It's a not-often-seen pic the Auto Hotel which Reinhart & Donovan built next to the Medical Arts Building which Martin built as well (now 100 Park Avenue Building). The space is now occupied by part of the 1st National Center. I'll save the rest for the blog article. But, in the 1st collage, the Reinharts either lived in (the 2 houses) or totally or partially constructed the other buildings shown or additions to them. For example, Donovan & Company was the prime contractor for Little Flower Church which you may have recognized in the picture.

As for the 2nd collage, everything in it is taken from a journal she made during 1914-1916 by Theresa Reinhart, sister of Martin, while she lived with her parents. She kept "flyers" for many of the movies and plays she saw and the journal includes many of them. The journal is a treasure trove for those who might enjoy a look through the teen-age eyes of a young lady during this period ... the journal doesn't contain really personal information but documents what she did and some of the things that were in her mind to do.

Good job on the identication, so1rfan! Well done!

Doug Loudenback
10-10-2007, 09:44 AM
so1rfan, the "house" pics are reversed (left or right) in the collage and in the blog post ... so ... for clarity ... the 1st home was at 1100 NW 13th, left below, and the 2nd at 515 NW 13th, right below:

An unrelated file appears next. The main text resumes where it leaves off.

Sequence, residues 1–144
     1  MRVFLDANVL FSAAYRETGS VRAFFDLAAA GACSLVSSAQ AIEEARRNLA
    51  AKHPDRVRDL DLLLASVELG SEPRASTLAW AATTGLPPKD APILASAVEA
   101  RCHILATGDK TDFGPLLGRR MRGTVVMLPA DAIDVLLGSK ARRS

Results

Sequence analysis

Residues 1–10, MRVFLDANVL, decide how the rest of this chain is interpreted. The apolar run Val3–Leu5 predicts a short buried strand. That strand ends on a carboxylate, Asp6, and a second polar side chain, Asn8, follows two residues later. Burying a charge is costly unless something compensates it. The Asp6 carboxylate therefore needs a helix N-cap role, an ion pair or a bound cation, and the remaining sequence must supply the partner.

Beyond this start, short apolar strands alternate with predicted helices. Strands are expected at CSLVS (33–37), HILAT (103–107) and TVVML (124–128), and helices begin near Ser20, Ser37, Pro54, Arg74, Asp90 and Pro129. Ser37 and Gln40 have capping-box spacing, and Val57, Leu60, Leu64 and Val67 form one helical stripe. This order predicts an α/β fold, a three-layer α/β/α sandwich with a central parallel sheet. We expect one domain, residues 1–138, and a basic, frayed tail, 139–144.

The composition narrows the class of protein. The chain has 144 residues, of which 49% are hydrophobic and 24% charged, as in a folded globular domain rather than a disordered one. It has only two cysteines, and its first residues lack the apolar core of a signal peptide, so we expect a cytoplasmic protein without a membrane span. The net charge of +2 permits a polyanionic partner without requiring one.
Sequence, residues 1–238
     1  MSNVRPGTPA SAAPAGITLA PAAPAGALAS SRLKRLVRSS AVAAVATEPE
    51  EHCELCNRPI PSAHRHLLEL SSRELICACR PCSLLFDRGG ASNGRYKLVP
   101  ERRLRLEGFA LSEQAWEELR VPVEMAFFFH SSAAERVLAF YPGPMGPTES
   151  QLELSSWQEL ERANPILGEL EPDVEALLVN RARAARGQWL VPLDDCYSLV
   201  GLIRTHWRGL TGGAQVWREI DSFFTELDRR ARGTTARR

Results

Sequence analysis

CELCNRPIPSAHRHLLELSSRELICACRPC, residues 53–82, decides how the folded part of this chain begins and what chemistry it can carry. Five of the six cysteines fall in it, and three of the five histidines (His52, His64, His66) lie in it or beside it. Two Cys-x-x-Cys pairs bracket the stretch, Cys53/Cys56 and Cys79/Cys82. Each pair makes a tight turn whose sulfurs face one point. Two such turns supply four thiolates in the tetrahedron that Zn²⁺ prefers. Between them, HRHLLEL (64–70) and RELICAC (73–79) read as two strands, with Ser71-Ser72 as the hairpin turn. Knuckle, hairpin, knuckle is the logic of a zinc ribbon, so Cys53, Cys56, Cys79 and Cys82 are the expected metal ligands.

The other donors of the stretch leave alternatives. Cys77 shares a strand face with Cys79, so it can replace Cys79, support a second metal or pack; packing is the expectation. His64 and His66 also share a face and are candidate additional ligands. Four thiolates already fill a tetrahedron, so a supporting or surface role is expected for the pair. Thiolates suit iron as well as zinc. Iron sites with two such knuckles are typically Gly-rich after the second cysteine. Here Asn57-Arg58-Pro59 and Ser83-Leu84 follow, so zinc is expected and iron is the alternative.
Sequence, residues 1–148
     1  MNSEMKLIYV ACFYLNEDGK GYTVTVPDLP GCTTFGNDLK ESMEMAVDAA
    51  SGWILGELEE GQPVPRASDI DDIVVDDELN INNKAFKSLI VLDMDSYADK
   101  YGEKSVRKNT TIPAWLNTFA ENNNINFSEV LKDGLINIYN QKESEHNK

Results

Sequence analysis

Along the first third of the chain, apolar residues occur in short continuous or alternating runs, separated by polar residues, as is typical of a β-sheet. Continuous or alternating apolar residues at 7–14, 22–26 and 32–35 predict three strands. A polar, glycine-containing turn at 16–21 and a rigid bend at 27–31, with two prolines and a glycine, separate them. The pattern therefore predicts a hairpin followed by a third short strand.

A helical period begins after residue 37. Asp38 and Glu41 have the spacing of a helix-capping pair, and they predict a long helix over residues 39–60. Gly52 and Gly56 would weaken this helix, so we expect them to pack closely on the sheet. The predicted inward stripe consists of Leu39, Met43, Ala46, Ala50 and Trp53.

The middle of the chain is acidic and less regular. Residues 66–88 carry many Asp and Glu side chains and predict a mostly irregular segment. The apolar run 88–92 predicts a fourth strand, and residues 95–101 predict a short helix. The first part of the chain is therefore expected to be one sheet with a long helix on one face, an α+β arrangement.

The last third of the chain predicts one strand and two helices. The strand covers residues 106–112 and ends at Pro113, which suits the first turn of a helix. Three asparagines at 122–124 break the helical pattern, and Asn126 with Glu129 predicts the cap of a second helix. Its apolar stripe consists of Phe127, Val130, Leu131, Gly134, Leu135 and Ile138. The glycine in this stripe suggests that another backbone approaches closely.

The 1st home no longer exists and is "bare" property ... the 2nd is now home of the Heritage Law Center owned by my classmate Elaine Schuster. I need to give her a call to get some inside pics!

Doug Loudenback
05-21-2008, 12:11 PM
At long last, I've finally gotten around to making the 1st "real" article in the Reinhart Family's Legacy to Oklahoma City. It is the "Introduction" article at this location: Doug Dawgz Blog: The Reinhart Legacy, Part 1 ( . It is part 1 of Parts 4 or 5 ... I've not gotten that far yet. Part 2 will focus on Martin Reinhart and the activities of Reinhart & Donovan who were contractors for many Oklahoma City buildings, many of which still exist today (e.g., 100 Park Avenue and Plaza Court). Part 3 will focus on his sister, Theresa, looking through her eyes -- she kept a marvelous journal while in high school during the 1910s. Part 4 will focus on Little Flower and Our Lady's Catholic churches, since Reinhart & Donovan were the contractors and builders of those facilities, and I'm as yet undecided about a possible 5th article. We'll see.


Doug Loudenback
05-28-2008, 08:43 AM
The Reinhart Family Legacy -- Part 2, covering Martin Reinhart and his contributions to Oklahoma City is substantially done: Doug Dawgz Blog: The Reinhart Legacy – Part 2 (

There, the history of Reinhart & Donovan is traced from its 1909 beginnings through its existence. Among the buildings chronologically described are (1) Religious -- Our Lady's Cathedral and Little Flower Church, (2) commercial -- Tradesmens National Bank (City Center today), Liberty Theater, Mideke Supply in Bricktown, Medical Arts (100 Park Avenue today), Plaza Court, Osler Building, Commerce Exchange Building, Midwest Building (former home of the Midwest Theater), and Biltmore Hotel. It's a bit wordy but old Oklahoman ads and articles are also present, along with a few pics.